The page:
Our hypothetical Homo Sapien could run around naked, masturbate to the point of exhaustion(not recommended however)and accidentally swallow numerous amounts of tiny insects and still have done nothing worthy of moral judgement. In this situation, this person could even take a sharp rock and dig shallow lacerations into their arms and legs, or even commit suicide without being immoral.
Normally, the act of taking one's life, when in the context of society and other people who would be negatively affected by it exist, this behavior would certaintly be considered immoral.(with the exception of euthanasia for the terminally ill)
On to the second main point in which religiously derived morality fails miserably. In addition to the lack of consulting the relevant facts, or following unguided intuitions or authority, it tends to oversimplify things into a nice and neat package of right and wrong, black and white, with no grey areas and no spectrum of degrees. This has terrible implications for any system of morality/ethics as a nation's justice system would fall apart without containing the necessary distinctions between cold-blooded murder done with malicious intent and manslaughter.
When the religious claim that abortion, euthanasia or stem-cell research are immoral, they do so by oversimplifying the situation and instead of placing these things onto a moral spectrum with some things being more moral or less moral than other things, they place them into two unwarranted categories, the simply right and the simply wrong.
To deny that circumstances can affect the morality of a given action or inaction(if it leads to harm etc.)would be to miss the obvious fact that there are factors to be taken into consideration that would mitigate or possibly excuse what would normally be regarded as immoral behavior.
It's clear that a child for example does not and cannot posess the cognitive faculties required to fully assess the impact of one's own behavior to the point where we can hold them fully accountable for their actions. Thus a five year old child who plays with the gun they found in their fathers drawer and shoots himself in the foot(an example used rather than a more grim and depressing one), cannot be said to be behaving immorally. A Catholic priest however, who fully understands his own capacity for doing right and wrong, can and should be held fully accountable for abusing an innocent child.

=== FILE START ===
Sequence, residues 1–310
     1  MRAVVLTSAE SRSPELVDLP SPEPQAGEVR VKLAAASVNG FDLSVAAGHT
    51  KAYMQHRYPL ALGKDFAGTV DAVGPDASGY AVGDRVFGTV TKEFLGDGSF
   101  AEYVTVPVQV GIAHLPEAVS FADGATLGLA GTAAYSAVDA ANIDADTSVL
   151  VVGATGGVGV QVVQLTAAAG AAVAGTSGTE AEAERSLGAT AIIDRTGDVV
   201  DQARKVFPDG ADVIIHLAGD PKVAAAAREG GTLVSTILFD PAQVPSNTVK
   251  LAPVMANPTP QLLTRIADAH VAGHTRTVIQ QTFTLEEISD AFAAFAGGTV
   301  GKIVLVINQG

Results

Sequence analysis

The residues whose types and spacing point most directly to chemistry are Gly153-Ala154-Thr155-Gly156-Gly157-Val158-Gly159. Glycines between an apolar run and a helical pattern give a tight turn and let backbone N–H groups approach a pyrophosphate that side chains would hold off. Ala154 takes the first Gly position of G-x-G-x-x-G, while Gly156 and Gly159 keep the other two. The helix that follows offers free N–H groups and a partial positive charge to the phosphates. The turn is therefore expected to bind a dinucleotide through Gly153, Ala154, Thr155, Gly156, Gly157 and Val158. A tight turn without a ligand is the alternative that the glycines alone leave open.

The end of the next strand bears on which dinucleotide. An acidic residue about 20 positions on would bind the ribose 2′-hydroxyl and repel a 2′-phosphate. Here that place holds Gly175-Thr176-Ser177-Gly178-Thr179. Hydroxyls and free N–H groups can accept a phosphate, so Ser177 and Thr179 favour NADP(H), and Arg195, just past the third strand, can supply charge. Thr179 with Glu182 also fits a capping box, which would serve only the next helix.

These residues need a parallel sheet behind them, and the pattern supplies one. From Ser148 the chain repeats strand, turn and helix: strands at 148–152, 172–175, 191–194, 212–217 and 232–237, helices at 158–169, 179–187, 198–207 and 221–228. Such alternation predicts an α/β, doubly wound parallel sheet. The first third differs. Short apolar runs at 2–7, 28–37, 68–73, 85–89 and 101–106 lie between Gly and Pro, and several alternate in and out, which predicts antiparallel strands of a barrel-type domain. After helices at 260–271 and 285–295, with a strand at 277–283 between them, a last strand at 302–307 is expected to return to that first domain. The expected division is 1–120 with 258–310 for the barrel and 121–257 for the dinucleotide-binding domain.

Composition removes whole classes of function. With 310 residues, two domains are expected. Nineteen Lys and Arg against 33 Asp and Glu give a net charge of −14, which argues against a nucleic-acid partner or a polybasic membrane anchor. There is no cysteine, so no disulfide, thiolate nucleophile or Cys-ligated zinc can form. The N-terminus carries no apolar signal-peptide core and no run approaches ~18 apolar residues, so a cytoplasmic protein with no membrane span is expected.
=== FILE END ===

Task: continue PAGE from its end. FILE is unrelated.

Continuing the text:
Oversimplifying moral issues does not do society any service. The reality we all face in this increasingly connected world is that new situations which don't have a precedent in past centuries or even in past decades will emerge and only through political and cultural discourse can any moral issues be met head on. When people, through religious delusion list their highest priority of moral concern as abortion, stem-cell research or stopping gay marriage, I think it's safe to say that they've forfeited any rightful claim to morality that one must be obligated to respect, condone or perpetuate any further.
The only way forward is a secular form of morality/ethics. Even those who are religious and will remain so, will not be able to evade this necessity. The new paradigm that will be forced is simply that religious people, while having their own private, and mostly irrelevant, personal beliefs, will have to adopt secular values. In fact, it could be argued that this has been done to a large extent already, being the reason that in the western world, religions have been tamed and changed time and time again to fit better with modernity.(As opposed to the predominantly Muslim nations of the world)
It is abundantly clear that anyone who strictly holds the morality of Christianity, judaism, Islam or any other ancient religion which contains primitive, barbaric and archaic concepts of right and wrong, will be left behind so to speak.
The problems that currently afflict our world cannot be solved by attitudes towards morality that dominated the bronze age or medieval times. The failure of religious moral systems is self-evident and cannot be shrugged off as my own opinion or a bias against religion. Unlike such flawed and harmful moral systems, I do not ignore the facts and they suggest, that religious concepts of morality are insufficient. Whether a nation or the world as a whole gets onboard with secular values and systems of morality and ethics or not, will undoubtedly make or break civilization.